Since the government announced earlier this week that the COVID-19 Contact Tracing application is to be trialled in the Isle of Wight, there has been a lot of mixed messages and FUD (Fear Uncertainty and Doubt) on both mainstream and social media.
Whilst we’re waiting for the app to be released so we can start analysis, we can review the white paper released by NCSC to understand how the application should work and what kind of privacy and security concerns may exist. Of course, this analysis is based solely on the documentation which may differ from implementation.
In this article, we’ll attempt to answer a few questions we see come up in news articles and conversations and help you to decide whether this is an application you’d be comfortable installing.
Centralised vs Decentralised
One of the main criticisms of the app is the use of a centralised model due to privacy concerns. This means that all data is stored on an NHS server where it could potentially be tracked and used by Governments. In this centralised model, data is sent to the NHS owned server where the data is processed. At-risk users are then notified if someone they have been in physical proximity to has reported symptoms. This differs from other contact tracing apps which use a decentralised approach where a database of everyone that has reported symptoms of COVID19 are downloaded to all devices.
The reasons stated by NCSC for the centralised approach is related to the fact that they do not currently have a way to protect against people maliciously reporting symptoms to the server without requiring users to authenticate to prove they are infected. We can’t see how this is fixed with a centralised model however one advantage of a centralised model is that users are only informed when they have been in contact with someone that has reported symptoms of COVID19. A decentralised model may in fact make it easier for users to identify who has reported symptoms as everyone has access to all infected user IDs.
Will the app even work? Bluetooth can’t be transmitted by background services.
We’ve seen this reported in a number of places. This is certainly not true for Android. Android can can both scan and broadcast Bluetooth packets in the background, so, for Android at least, there is no technical limitation to why the application won’t work.
iOS behaves differently. iOS apps are able to passively scan for Bluetooth Low Energy devices if they know the service UUID but more information on the implementation will need to be made available to understand how this works on iOS.
What user data is collected?
The app asks users to enter their partial post code on registration. As far as we can see no other personal data is collected.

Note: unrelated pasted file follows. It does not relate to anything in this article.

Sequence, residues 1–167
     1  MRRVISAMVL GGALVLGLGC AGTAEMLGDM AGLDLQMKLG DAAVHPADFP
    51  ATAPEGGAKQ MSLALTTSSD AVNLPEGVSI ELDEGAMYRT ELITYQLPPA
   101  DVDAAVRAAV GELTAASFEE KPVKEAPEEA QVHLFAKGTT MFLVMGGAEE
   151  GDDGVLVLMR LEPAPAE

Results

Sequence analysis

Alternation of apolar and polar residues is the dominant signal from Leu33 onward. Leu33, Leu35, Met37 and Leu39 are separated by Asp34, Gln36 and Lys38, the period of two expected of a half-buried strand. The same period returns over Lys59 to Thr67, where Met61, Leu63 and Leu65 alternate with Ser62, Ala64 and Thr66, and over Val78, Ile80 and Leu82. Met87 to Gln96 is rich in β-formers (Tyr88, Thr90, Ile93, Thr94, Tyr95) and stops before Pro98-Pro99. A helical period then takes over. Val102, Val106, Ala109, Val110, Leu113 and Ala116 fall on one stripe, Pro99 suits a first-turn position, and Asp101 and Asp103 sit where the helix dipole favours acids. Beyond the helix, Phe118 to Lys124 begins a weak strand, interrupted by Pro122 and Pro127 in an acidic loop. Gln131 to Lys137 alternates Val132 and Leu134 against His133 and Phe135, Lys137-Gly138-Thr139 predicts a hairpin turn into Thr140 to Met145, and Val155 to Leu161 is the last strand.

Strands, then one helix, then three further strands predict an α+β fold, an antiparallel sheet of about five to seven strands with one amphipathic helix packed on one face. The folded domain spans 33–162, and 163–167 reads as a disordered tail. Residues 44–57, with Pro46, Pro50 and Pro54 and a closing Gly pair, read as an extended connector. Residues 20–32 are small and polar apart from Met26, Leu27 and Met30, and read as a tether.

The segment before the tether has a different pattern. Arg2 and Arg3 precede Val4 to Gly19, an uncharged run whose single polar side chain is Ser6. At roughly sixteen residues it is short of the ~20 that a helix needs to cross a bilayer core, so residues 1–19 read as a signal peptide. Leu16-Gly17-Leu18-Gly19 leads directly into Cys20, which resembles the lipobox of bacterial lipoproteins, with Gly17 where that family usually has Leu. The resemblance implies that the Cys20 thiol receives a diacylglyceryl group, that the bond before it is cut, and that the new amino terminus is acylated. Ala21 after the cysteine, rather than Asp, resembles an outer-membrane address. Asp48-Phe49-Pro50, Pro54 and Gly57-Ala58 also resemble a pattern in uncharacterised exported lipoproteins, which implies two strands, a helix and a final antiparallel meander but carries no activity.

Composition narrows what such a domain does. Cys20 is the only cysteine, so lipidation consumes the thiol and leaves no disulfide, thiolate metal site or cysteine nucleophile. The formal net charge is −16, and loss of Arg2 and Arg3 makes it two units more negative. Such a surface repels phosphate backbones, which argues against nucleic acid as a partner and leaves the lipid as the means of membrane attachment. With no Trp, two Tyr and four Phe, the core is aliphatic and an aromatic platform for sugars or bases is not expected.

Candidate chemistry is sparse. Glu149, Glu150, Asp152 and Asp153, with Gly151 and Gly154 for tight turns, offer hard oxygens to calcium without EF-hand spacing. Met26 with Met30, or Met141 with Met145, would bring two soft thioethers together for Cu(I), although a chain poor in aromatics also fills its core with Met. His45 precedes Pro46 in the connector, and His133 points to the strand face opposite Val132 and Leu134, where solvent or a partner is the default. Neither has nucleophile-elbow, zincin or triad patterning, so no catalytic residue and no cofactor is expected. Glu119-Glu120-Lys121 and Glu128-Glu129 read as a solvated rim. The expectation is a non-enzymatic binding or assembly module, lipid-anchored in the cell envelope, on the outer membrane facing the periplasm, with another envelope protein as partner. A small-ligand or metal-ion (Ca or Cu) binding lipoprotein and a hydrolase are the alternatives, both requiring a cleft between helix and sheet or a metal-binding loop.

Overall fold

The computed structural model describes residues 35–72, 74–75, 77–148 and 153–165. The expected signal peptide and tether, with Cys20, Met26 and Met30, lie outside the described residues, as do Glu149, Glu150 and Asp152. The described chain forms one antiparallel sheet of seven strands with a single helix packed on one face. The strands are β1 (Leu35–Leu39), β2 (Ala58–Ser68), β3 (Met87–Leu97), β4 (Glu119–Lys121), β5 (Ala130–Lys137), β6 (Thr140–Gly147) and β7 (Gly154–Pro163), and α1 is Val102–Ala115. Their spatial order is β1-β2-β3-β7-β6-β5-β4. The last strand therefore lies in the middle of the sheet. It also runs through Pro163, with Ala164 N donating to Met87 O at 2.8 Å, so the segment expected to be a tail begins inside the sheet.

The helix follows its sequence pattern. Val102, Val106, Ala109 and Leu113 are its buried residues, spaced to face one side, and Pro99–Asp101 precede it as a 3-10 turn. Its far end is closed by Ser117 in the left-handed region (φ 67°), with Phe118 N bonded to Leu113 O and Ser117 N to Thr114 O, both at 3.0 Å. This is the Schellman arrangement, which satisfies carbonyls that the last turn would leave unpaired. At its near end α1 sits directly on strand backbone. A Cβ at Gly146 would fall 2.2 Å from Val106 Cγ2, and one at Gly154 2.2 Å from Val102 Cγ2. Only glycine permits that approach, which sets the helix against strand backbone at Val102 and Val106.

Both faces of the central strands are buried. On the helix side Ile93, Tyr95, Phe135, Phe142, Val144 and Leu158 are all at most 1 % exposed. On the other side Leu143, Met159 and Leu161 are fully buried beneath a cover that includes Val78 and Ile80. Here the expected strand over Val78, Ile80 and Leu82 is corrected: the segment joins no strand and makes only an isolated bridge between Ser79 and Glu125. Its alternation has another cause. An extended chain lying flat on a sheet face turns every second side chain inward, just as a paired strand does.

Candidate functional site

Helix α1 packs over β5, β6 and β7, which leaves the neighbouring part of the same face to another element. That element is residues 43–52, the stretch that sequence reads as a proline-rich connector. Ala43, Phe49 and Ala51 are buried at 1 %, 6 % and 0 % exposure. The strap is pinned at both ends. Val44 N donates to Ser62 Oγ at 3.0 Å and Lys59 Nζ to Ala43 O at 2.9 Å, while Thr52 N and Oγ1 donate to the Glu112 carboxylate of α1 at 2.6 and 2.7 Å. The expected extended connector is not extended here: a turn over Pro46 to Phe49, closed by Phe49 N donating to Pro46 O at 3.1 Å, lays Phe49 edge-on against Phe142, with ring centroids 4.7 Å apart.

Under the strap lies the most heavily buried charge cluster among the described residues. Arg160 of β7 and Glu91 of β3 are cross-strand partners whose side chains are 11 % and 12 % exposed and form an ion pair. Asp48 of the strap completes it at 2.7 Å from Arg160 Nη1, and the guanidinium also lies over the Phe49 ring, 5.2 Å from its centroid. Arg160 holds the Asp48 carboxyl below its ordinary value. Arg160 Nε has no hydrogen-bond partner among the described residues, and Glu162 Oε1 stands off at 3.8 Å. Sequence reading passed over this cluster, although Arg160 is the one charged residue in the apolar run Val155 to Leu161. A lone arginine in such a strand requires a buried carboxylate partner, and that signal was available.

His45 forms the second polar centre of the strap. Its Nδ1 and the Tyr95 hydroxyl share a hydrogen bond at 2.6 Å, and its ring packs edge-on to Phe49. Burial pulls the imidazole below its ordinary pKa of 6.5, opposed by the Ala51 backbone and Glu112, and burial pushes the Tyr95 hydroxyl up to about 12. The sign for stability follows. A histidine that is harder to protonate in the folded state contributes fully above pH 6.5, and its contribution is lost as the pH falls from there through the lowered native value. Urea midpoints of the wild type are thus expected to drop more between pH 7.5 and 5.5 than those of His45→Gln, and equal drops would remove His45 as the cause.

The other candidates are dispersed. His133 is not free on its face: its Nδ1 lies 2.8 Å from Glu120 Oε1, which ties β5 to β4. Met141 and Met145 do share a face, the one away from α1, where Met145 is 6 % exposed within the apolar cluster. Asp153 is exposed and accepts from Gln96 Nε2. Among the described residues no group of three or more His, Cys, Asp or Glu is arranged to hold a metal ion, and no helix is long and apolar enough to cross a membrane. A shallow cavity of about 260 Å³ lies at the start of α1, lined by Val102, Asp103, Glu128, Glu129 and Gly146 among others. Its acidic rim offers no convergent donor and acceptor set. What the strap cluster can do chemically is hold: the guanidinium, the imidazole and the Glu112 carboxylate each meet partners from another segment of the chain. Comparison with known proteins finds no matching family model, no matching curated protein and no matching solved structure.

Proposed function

Are locations tracked?
No. The app uses Bluetooth Low Energy (BLE) to detect proximity to other devices. If someone reports infection, a notification is sent to everyone that that has been identified as at risk. This does not state where or who the infection came from.
What does the app send over Bluetooth?
The app creates an ID at registration. It also creates a private and public key. Every 24 hours, a new key (made from the devices private key and servers public key) is used to encrypt the date, ID and country code. The app broadcasts this encrypted message along with the devices public key, integrity checks and transmission power & time.
What data is sent to the server?
When a user reports symptoms, the app uploads a log of all payloads (i.e. all the encrypted IDs of other users that it detected) gathered in the last 28 days. This log is then encrypted using a key generated during registration. Once received, the server decrypts the log with its version of the key, reads each payload and extracts the public key from the payload. Using the device public key and the server’s private key, It then decrypt the user’s ID. It then does some sense checking of the record. The records are analysed and users that are at high risk are sent a notification.
Are there security/privacy issues?
Yes, just reading though the report highlights a few things but nothing I would consider to be high risk. In terms of privacy, the app doesn’t track location but it would be possible to see who has been in proximity to who (obviously!). Users can be tracked by individuals for only 24 hours before the public key (which is transmitted in plaintext) is updated.
The big concern is how this data is to be used in future. Yes, the data is pseudonymised and therefore no personally identifiable information is stored but we wonder what could happen if this dataset is combined with other datasets. Currently, it seems unlikely the information collected would be used this way as governments have easier and more accurate ways to track people where necessary.